Influence of experimental conditions on localized surface plasmon resonances measurement by electron energy loss spectroscopy
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Scanning transmission electron microscopy (STEM) combined with electron energy loss spectroscopy (EELS) has become a standard technique to map localized surface plasmon resonances with a nanometer spatial and a sufficient energy resolution over the last 15 years. However, no experimental work discussing the influence of experimental conditions during the measurement has been published up to now. We present an experimental study of the influence of the primary beam energy and the collection semi-angle on the plasmon resonances measurement by STEM-EELS. To explore the influence of these two experimental parameters we study a series of gold rods and gold bow-tie and diabolo antennas. We discuss the impact on experimental characteristics which are important for successful detection of the plasmon peak in EELS, namely: the intensity of plasmonic signal, the signal to background ratio, and the signal to zero-loss peak ratio. We found that the primary beam energy should be high enough to suppress the scattering in the sample and at the same time should be low enough to avoid the appearance of relativistic effects. Consequently, the best results are obtained using a medium primary beam energy, in our case 120 keV, and an arbitrary collection semi-angle, as it is not a critical parameter at this primary beam energy. Our instructive overview will help microscopists in the field of plasmonics to arrange their experiments.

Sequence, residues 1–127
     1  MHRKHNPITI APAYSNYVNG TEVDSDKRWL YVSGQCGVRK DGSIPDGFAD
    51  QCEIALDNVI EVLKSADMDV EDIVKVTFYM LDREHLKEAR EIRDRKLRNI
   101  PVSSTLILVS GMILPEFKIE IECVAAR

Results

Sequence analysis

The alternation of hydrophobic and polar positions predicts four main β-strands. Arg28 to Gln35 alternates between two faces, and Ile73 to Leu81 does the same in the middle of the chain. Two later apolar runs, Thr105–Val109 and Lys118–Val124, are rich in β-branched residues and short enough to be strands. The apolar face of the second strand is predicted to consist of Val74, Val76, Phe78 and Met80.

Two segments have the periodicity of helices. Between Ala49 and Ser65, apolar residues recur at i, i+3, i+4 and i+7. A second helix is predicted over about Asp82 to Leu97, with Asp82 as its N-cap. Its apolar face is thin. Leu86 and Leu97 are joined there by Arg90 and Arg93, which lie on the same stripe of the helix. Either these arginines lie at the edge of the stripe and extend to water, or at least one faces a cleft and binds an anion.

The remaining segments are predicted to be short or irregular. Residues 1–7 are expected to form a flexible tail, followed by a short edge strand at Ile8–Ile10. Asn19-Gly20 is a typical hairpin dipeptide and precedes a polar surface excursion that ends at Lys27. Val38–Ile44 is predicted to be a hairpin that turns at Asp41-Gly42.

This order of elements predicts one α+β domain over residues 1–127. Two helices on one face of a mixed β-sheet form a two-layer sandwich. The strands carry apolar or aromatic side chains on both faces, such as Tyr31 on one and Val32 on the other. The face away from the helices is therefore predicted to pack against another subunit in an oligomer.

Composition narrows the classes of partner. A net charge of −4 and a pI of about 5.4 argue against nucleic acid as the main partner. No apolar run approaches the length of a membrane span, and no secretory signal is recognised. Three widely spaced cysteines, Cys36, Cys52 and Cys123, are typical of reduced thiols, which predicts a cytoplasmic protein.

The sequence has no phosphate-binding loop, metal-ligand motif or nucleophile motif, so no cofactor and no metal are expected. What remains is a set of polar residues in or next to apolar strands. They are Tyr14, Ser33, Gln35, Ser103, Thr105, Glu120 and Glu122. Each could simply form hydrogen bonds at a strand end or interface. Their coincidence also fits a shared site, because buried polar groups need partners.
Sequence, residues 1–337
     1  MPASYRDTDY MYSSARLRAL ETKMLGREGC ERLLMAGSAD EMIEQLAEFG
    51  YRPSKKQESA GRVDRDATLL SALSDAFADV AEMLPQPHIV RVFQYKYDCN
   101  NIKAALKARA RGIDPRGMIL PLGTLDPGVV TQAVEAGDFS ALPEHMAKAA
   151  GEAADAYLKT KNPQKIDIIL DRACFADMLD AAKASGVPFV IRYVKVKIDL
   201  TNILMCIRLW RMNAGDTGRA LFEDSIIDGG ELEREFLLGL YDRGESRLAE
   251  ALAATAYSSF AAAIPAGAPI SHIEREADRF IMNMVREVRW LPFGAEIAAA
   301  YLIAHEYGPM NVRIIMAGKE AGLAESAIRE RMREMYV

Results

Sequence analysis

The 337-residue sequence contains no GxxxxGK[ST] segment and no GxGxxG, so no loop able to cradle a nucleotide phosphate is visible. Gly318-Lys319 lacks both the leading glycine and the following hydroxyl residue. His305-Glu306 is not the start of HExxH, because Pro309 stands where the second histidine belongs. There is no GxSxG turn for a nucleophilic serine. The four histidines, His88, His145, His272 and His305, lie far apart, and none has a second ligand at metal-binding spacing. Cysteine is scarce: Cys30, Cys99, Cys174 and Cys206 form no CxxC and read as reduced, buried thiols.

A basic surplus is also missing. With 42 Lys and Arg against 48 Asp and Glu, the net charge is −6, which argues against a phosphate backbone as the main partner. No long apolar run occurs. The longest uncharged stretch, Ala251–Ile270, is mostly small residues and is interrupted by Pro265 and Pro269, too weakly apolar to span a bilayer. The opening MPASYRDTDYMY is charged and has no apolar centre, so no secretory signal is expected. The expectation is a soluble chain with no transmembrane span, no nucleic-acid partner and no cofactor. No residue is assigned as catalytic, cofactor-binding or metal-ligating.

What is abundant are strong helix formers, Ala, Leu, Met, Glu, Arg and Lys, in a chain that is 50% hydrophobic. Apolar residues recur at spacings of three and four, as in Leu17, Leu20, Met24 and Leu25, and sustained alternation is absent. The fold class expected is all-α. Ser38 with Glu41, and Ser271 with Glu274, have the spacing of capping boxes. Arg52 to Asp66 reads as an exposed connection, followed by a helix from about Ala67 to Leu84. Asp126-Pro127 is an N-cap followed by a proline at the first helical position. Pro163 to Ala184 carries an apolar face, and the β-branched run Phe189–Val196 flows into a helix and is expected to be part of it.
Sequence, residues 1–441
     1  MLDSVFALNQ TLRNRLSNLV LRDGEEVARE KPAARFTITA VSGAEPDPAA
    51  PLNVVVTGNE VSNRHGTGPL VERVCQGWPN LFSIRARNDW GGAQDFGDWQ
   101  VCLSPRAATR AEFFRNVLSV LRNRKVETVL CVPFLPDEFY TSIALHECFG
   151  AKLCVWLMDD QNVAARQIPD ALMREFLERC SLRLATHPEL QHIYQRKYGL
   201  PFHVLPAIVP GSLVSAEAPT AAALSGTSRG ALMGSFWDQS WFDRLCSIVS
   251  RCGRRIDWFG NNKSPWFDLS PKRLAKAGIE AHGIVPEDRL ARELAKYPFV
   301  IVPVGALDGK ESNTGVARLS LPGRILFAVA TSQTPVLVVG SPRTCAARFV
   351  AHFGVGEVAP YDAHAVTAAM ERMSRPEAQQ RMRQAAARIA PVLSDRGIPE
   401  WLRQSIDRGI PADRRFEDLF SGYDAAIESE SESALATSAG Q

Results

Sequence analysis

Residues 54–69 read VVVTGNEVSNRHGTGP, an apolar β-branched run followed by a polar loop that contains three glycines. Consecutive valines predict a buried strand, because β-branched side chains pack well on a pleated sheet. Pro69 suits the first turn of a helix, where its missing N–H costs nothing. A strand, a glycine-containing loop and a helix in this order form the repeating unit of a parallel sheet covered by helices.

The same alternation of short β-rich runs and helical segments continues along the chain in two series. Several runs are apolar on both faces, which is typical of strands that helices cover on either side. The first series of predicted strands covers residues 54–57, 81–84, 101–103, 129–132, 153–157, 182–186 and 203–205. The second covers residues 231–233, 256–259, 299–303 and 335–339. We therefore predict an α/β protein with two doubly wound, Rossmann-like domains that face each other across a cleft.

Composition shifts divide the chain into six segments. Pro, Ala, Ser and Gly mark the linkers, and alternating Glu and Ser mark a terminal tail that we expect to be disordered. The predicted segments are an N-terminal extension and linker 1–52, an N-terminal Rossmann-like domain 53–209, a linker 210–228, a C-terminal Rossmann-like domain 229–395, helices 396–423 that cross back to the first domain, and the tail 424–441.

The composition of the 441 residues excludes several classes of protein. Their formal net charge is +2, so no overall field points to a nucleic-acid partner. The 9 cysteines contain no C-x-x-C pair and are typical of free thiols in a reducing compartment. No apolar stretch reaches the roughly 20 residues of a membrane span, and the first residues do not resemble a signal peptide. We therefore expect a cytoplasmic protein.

KeywordsEELS, Electron energy loss spectroscopy, Localized surface plasmon resonance, Primary beam energy, Collection semi-angle
Document typePeer reviewed
SourceUltramicroscopy. 2020, vol. 216, issue 1, p. 1-9.